Adult survivors of childhood cancer of all diagnostic categories are at elevated risk for unemployment 30, 43. They are twice as likely to be unemployed as healthy controls 43.
Risk factors for unemployment include 30, 43, 44:
- CNS tumour diagnosis:
- Brain tumor survivors have up to five-fold increased relative odds of unemployment compared to healthy controls and siblings
- Previous history of cranial radiation therapy
- Younger age at diagnosis
- Chronic medical conditions:
- The risk of having a chronic health condition increases substantially throughout adulthood such that by 30 years after the cancer diagnosis, 73.5% of young adults survivors report at least one chronic health condition and 42.4% have a severe, disabling or life-threatening condition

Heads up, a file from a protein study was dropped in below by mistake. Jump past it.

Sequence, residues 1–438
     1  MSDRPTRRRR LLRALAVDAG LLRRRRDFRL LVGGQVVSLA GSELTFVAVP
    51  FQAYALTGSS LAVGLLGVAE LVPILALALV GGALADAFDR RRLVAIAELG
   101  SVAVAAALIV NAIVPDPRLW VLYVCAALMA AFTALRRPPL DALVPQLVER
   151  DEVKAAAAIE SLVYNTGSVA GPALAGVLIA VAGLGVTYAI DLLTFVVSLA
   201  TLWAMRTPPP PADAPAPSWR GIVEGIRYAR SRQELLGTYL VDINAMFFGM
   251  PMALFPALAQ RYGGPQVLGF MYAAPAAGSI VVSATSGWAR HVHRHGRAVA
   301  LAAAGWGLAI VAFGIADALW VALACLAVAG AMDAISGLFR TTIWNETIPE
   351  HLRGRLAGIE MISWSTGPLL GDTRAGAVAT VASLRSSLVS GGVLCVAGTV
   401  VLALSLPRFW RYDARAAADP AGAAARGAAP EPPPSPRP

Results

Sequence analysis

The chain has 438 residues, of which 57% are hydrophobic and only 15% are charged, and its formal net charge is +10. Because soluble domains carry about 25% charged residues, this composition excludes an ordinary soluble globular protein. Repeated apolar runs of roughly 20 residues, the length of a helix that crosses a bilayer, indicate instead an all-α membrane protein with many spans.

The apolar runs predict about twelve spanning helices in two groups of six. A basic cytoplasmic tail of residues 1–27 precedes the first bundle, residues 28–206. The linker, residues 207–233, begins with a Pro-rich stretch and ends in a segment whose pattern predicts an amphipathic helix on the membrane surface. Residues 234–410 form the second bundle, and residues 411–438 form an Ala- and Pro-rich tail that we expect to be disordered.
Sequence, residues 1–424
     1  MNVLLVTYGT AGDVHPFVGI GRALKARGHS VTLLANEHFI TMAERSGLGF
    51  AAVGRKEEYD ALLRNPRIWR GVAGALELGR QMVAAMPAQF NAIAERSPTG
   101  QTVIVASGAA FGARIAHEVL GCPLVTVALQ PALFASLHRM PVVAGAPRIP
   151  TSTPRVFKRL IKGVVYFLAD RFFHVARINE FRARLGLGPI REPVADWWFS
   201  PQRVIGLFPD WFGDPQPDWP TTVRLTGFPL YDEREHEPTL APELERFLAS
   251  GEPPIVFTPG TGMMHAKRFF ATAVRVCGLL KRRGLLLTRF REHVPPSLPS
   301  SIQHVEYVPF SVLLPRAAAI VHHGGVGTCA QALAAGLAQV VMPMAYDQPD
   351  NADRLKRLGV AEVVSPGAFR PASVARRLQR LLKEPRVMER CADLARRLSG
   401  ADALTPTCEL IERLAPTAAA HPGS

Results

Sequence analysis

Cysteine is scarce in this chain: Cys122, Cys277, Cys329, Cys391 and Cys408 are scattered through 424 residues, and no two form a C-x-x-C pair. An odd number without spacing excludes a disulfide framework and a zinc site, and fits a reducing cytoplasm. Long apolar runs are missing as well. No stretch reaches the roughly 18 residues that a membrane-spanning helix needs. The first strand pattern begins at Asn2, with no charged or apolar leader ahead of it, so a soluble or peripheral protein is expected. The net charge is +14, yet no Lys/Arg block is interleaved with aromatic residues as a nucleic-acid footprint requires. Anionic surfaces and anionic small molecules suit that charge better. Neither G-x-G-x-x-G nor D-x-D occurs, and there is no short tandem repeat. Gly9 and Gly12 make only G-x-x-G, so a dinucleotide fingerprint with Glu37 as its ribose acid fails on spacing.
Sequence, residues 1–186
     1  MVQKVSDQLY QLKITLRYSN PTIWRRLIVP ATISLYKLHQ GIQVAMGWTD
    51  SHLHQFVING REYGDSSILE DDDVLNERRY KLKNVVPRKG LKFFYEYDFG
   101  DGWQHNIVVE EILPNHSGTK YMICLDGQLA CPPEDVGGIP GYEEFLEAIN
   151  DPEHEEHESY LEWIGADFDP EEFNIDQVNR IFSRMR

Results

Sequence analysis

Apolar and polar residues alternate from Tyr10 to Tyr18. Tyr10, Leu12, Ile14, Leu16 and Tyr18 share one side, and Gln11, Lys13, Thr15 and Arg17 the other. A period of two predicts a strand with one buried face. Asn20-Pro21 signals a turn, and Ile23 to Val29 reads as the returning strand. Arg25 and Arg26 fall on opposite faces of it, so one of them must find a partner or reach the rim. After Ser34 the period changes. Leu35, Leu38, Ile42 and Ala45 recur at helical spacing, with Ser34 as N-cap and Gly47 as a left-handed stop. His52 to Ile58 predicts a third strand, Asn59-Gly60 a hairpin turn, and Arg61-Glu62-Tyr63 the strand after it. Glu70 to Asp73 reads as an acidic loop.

- Lower education
- Diminished cognitive functioning
- Motor impairment
- Diagnosed with epilepsy
Survivors of adult cancer have reported adverse effects on employment including dismissal, failure to hire, demotion, denial or promotion, and denial of benefits. Childhood cancer survivors are at risk for these same difficulties.
Employment and the ability to support oneself are key factors in living independently and psychosocial well-being. Unemployed childhood cancer survivors and those with a low annual income (less than $20,000) have more symptoms of depression, anxiety, distress, and lower quality of life when compared to survivors and siblings who are employed or at higher income levels 2, 30, 45.
Employment is often needed for health insurance and unemployment might cause difficulties for accessing appropriate and comprehensive health care.